The use and exploration of GPU in federated learning
huiting hou
Beijing, Beijing
- 0 Collaborators
This project introduces some exploration results from the use of GPU to accelerate homomorphic computing, conducts some feasibility analysis of using GPU to accelerate federated learning computing, and introduces some optimisation schemes. ...learn more
Project status: Concept
Overview / Usage
When using AI technology, all parties, organisations, or individual devices will generate individual data islands, and there is no good way for data between them to flow freely. How to perform data flow? The first problem faced is the inevitable data protectionism. This can be solved by some technical means. The solution proposed here is federated learning. Federal learning allows different organisations, such as hospitals, banks, terminal equipment or companies, to establish a federal network through federal learning to jointly tap the value of data. However, the use of federated learning inevitably requires complex algorithms such as homomorphic encryption operations. Compared with ordinary machine learning algorithms, the efficiency will be greatly reduced. This project introduces some exploration results from the aspect of using GPU to accelerate homomorphic computing, makes some feasibility analysis of using GPU to accelerate federated learning calculation, and introduces three optimisation schemes.
Methodology / Approach
We have done some feasibility analysis on the use of GPU to accelerate federated learning calculations. There are four main observations. The first is the data encryption and decryption and dense state calculations involved in federated learning. The calculation of different data basically does not affect each other. Therefore, it satisfies the characteristics of highly parallel computing, and this feature is very suitable for GPU acceleration; the second is that the calculation formula in federated learning is not complicated, but the number of repeated executions is huge, so it meets repeated lightweight calculations The GPU is suitable for accelerating repetitive lightweight calculations; the third is in federated learning, the data IO time is less than 0.1% of the calculation time, so it is a computationally intensive task, and the GPU is just suitable for use To accelerate computationally intensive tasks; finally, the data in federated learning is produced in batches, and the amount of data is huge, so it meets the characteristics of batch large data, and GPU is also suitable to accelerate the batch calculation of massive data.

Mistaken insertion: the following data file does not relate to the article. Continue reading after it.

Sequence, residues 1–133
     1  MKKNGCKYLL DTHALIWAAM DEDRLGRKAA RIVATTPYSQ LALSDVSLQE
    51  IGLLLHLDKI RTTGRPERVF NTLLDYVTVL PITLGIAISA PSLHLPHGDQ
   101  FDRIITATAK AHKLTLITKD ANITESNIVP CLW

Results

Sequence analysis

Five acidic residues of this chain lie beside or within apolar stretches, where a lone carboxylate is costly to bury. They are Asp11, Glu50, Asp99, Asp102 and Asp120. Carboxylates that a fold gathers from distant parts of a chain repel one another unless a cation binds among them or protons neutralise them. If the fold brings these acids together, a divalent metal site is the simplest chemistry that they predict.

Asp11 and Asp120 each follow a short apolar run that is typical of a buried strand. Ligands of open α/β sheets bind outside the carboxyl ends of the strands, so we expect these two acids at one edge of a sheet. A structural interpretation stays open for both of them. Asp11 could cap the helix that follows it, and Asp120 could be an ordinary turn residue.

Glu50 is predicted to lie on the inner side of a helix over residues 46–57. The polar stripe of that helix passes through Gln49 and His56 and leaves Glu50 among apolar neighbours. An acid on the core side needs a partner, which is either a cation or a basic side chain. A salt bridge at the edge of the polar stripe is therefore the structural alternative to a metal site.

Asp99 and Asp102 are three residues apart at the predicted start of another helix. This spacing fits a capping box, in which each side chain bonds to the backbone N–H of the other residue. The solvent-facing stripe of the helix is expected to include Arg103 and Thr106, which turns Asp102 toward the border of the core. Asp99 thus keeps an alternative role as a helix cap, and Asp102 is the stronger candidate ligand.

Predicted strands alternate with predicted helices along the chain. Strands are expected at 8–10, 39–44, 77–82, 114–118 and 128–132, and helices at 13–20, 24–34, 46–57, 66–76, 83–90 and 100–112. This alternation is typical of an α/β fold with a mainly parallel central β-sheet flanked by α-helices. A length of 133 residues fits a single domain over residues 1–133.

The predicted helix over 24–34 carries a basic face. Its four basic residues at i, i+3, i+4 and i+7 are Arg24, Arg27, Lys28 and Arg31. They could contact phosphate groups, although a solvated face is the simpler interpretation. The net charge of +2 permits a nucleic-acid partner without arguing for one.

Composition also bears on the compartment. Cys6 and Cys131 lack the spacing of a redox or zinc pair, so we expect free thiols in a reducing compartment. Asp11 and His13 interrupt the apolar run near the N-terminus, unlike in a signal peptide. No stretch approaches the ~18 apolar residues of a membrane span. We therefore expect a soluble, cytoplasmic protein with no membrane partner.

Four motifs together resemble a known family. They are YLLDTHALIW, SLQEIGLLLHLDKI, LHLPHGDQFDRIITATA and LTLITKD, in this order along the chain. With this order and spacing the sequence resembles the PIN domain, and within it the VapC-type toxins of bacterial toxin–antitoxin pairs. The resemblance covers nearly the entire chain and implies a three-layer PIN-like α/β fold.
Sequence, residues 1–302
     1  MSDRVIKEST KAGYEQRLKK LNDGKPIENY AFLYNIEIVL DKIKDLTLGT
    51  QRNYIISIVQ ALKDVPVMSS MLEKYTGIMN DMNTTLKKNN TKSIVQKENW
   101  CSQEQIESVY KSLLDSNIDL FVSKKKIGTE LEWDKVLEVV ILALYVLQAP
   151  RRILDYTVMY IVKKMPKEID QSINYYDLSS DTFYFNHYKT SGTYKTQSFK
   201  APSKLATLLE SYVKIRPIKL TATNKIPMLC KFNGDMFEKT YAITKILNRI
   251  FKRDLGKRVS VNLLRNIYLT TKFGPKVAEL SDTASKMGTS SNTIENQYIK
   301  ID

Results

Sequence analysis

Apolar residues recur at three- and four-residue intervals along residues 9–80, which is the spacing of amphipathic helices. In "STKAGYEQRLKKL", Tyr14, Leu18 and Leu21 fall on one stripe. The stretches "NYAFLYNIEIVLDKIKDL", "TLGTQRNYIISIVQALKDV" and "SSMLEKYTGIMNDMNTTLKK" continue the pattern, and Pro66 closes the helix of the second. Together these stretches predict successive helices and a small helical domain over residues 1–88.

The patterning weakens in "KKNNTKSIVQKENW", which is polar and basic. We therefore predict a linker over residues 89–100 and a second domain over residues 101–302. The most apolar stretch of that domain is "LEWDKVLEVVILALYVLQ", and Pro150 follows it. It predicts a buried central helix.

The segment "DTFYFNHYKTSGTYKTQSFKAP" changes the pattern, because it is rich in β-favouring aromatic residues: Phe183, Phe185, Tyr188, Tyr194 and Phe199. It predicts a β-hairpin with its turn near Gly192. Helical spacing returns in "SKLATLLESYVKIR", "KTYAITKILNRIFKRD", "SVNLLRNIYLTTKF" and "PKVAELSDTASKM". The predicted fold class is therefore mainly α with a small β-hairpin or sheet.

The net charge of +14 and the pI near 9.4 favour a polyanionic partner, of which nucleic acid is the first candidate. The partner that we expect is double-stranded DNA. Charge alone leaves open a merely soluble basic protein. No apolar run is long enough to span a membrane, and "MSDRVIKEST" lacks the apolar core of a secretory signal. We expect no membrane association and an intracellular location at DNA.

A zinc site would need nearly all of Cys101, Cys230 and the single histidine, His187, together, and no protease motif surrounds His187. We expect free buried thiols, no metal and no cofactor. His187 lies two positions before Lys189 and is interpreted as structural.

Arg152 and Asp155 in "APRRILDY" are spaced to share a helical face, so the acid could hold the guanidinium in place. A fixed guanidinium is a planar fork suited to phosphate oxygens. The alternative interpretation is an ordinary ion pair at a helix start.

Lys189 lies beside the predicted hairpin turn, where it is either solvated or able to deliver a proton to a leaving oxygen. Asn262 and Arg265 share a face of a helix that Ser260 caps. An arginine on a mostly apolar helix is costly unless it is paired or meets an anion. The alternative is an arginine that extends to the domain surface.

Although federated learning has many properties suitable for GPU acceleration, it certainly faces some challenges. We mainly summarised three challenges. The first is that federated learning needs to do large integer operations. Large integers refer to 1024 bit, 2048 bit, or even larger large integers, but the problem is that the GPU's stream processor is in the hardware The above does not directly support the direct calculation of large integers. The second problem is that federated learning involves a lot of modular exponentiation calculations, but GPU are not good at doing modular exponentiation calculations. If GPU can directly perform modular exponentiation calculations, its cost is very high. The third is that the calculation of federated learning needs to save a large amount of intermediate calculation results, but due to cost and energy consumption constraints, GPU memory is very limited.
For the first challenge, the solution we adopted is based on the idea of divide and conquer to do element-level parallelism. The large integer multiplication can be decomposed into many small integer multiplications calculated in parallel through recursion, so that the GPU can be used to directly perform the small integer multiplication operations. For other operations involved in federated learning, similar element-level parallelism can also be done.
Aiming at the second challenge of federated learning, we mainly use the square multiplication algorithm + Montgomery algorithm to solve the problem of high cost of modular exponentiation. The advantage of the square multiplication algorithm is that the complexity of the entire calculation is reduced to O(N) and the intermediate calculation result does not exceed c. But its disadvantage is that it still needs to perform 2N times of modulo operation. For GPU, the cost of modulo is very high. In order to solve the problem of high cost of modular operation, we further introduce the Montgomery modular multiplication algorithm. Its biggest feature is that it can calculate the value of the modulo multiplication without performing the modulo operation, thus completely avoiding the costly modulo operation.
For the third challenge, we use the Chinese remainder theorem. This method can avoid the use of larger video memory to buffer the intermediate results; in addition, the modular exponentiation operation of the 2N-bit number is simplified to the modular exponentiation operation of the N-bit number, and the amount of calculation is greatly reduced.
Finally, let's look at an evaluation result of GPU accelerated federated learning calculation after using the above three methods. We mainly compared the dense state calculations involved in four types of federated learning, including homomorphic encryption, homomorphic decryption, dense state multiplication, and dense state addition. For the more complex calculations of homomorphic encryption and homomorphic decryption, there is almost 6 times speedup, and for the relatively simple calculations of dense state multiplication and dense state addition, it has achieved dozens of times and hundreds of times of speedup. This is actually just a preliminary result. We believe that there is actually more room for using GPU to accelerate federated learning calculations, and it is worth exploring together.